But what things were gain to me, these I have counted loss for Christ. Yet indeed I also count all things loss for the excellence of the knowledge of Christ Jesus my Lord, for whom I have suffered the loss of all things, and count them as rubbish, that I may gain Christ and be found in Him, not having my own righteousness, which is from the law, but that which is through faith in Christ, the righteousness which is from God by faith; that I may know Him and the power of His resurrection, and the fellowship of His sufferings, being conformed to His death, if, by any means, I may attain to the resurrection from the dead.

Not that I have already attained, or am already perfected; but I press on, that I may lay hold of that for which Christ Jesus has also laid hold of me. Brethren, I do not count myself to have apprehended; but one thing I do, forgetting those things which are behind and reaching forward to those things which are ahead, I press toward the goal for the prize of the upward call of God in Christ Jesus. (Phil. 3:7-14)

I don’t know about all of you, but in my early years in the church, I really think I thought of the Godhead more in terms of Them being supreme overlords, or authority figures. The types of Beings who might swat you like a fly if you cross the line, and dare to disobey Their strict set of laws.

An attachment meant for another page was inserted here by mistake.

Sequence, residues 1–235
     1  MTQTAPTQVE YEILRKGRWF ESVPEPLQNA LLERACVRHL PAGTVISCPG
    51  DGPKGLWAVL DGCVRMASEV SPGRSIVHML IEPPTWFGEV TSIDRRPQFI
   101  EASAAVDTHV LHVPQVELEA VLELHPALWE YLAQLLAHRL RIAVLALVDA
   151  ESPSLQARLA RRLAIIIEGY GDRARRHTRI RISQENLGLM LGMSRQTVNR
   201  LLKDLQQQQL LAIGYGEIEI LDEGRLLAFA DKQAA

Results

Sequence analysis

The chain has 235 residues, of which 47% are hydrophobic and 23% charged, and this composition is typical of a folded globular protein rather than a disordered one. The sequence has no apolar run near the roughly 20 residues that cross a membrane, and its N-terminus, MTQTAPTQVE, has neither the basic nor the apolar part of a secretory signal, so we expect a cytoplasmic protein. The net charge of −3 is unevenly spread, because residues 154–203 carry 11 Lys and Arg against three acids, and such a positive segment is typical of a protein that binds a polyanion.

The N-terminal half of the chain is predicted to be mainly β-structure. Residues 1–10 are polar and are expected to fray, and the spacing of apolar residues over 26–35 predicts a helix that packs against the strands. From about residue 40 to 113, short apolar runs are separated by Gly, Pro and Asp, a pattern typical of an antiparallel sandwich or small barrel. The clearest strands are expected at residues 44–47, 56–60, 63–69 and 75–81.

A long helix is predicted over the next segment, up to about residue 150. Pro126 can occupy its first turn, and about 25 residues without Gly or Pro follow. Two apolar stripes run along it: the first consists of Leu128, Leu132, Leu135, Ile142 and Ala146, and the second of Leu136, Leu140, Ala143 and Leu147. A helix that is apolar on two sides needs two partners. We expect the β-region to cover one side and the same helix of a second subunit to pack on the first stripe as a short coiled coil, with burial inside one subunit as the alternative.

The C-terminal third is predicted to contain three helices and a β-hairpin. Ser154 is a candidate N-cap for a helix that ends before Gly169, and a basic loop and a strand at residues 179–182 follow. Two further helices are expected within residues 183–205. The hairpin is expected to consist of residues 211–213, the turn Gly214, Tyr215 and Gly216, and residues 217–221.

After many years of studying what these two beings are really like though, there has been a transition. I think that obedience to their laws of liberty is done with the full knowledge that They are what They are, and They do what They do, only out of complete love and concern for us all. So obedience comes not from FEAR of them, but from awe, respect and reverence FOR them.

My BFF

Based on my own experience in ‘the faith’ there is a scripture that pretty well wraps up in a nutshell what I’m trying to convey today.

For you were like sheep going astray, but have now returned to the Shepherd and Overseer of your souls. (1 Pet. 2:25)

Weren’t we ALL like that at some point in our lives? Just like dumb farm animals … going, and living our own way?